On the condition of his house, Musa says he is comfortable with it and does not want any other thing to be added to it. According to him, he never wished to have anything more than what he has at the moment. “Not that the state government never said things to me. If they try to change things I won’t agree because I feel comfortable. For years I never wished to have more than I have right now.”
The house has remained as it was since he bought it in 1970 from the New Nigerian Property Development Corporation, NNPDC. It does not matter to him that as a former governor, three of his children who are university graduates are not employed and it does not worry him that as a former governor nothings comes on a platter of gold. As a result, four of his six male children are still staying with him; one is employed and lives on his own, while the rest are still searching for jobs.
Some of his children are doing well. He has nine of them. One is still in the university. As the interview with him was going on, his little grandchildren were milling around him, with some taking something to him and going away in ecstasy and he relished the moments, as a man, who has seen it all.
“Some states could have other things but we don’t have them in Kaduna State. After the pension, that is all. In some states they have but here we don’t want to build beyond what we already have now,” he says. He maintains that as far as he is concerned nothing really bothers him any more, having achieved his set goals in life:
“Well, as I told you, at age 17 I had already determined what I wanted in life. First was a family, Second, the ability to educate myself and my children, then a house, a farm, a tractor, the ability to pay the cost of my health services.”
But Musa has been very lucky with his health. In spite of the fact that he is nearly 80, hardly does he fall ill. In fact, in the last 12 years, he has only been taken to the hospital once for a major medical attention. Then, he reluctantly accepted the intervention of an unnamed top government official, who offered to help bear the cost of the medical treatment.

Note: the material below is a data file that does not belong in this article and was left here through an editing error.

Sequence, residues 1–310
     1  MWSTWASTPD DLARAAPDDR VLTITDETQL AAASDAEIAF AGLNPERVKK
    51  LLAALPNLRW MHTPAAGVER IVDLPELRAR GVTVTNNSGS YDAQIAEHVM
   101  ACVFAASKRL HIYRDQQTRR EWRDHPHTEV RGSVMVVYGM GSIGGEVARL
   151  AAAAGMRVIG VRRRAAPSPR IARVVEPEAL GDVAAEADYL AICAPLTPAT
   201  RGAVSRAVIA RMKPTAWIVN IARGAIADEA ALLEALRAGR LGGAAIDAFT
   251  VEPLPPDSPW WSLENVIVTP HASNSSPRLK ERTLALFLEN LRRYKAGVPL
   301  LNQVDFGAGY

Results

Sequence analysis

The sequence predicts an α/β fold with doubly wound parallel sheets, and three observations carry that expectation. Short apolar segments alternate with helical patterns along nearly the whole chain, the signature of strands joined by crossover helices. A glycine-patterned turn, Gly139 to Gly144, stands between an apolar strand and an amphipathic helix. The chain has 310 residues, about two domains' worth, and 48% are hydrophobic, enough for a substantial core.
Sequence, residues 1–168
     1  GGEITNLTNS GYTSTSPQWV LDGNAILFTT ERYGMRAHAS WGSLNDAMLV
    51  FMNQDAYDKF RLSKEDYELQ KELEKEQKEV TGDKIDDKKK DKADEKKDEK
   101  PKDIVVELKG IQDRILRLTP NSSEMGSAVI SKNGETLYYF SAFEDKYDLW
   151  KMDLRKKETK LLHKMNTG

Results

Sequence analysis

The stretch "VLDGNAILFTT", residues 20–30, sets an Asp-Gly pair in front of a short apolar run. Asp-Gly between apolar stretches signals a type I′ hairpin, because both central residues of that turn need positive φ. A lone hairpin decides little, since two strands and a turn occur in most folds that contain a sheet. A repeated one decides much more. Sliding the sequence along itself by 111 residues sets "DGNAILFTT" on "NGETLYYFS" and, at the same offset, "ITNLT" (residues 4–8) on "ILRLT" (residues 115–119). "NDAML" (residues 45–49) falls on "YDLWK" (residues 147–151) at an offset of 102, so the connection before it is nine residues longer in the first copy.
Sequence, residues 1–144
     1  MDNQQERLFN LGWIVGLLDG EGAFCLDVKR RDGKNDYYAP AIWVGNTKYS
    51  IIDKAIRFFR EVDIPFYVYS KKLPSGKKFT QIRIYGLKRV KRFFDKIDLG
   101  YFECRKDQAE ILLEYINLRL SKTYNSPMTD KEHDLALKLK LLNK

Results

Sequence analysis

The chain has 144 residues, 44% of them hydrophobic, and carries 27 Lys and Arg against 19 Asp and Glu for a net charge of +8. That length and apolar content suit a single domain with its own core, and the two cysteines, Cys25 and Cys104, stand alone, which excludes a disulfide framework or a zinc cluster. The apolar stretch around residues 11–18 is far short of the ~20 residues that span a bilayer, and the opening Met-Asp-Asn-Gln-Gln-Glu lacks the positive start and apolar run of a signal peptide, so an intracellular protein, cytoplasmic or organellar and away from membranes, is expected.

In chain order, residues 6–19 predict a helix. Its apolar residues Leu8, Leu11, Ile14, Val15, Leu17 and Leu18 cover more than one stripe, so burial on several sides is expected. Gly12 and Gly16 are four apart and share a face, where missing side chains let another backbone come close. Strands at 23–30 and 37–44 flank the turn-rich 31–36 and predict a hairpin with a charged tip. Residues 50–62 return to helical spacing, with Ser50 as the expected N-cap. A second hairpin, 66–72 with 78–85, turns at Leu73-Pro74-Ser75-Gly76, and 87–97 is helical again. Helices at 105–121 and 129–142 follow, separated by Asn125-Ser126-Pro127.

He confesses: “The only sickness I suffered from was 11 years ago and it was a heart attack and I came out of it and I haven’t had even headache since then because I had a thorough examination paid for by a number of state governments cutting across the north and south.
“That is the privilege I enjoy from the government, including my own state, Kaduna state. Although such assistance is not statutory, he believes that if he has any health challenge, the governors would come to his aid. The former governor says although he cannot retire from politics, he has been into full time commercial farming. Farming was on his mind from the age of 11.
He concentrates on producing grains from his farm, which is located near the main army cantonment in Kaduna. He only recently added 64 cows to the farm, but the cows were stolen by rustlers, despite the proximity of the farm to a military zone.
But what could have made a man who has attained a powerful and influential post in life to choose to live the life of a peasant? In trying to justify his disposition to life the former governor said he could not betray his socialist background, adding that the condition prevalent at the period he was growing up, also influenced him immensely.
“From the beginning I have been a socialist and what influenced me was my background and the situation around me in terms of where I stood, where I lived and even the time I was born at a time of the anti- colonial struggle. “I was born in 1936 and by 1939 the Second World War started which went on till 1945 and by 1943 I was in elementary school and I knew something about the Second World War.
“ I witnessed the suffering of the people during the Second World War and eventually that experience enabled me to understand the meaning of colonial rule and living under colonial rule, so it was an education.
“I joined active politics by declaration in 1950 when the NEPU was established on the 8th of August 1950. I formally became a registered member of that party in 1953 and since then I have been in active politics since I left the civil service in 1975 but even before then I was always participating in political activities.
Beyond that, the lessons Musa learned from his mentor, the late Aminu Kano, who championed socialism in Nigeria, also influenced his socialist leanings. He said he imbibed the lessons of honesty, steadfastness and qualitative leadership from the late Aminu Kano and does not want to deviate from it till he’s called home. That is why he is against capitalism. It is something that should not be mentioned where he is.
In spite of the fact that the Peoples Redemption Party has been de-registered by the Independent National Electoral Commission, his small compound is still littered with the relics of the PRP while his mind is still fixed on the socialist mantra. He believes that one day; the party will rule Nigeria and enthrone good governance and free services for all Nigerians.
“We will remain, whether we are registered or not; whether we can contest election or not because our purpose is to enlighten Nigerians to know about the state of the country and to struggle for a fundamental change in this country. “I am not interested in amassing wealth but in liberating the people,” the former governor said.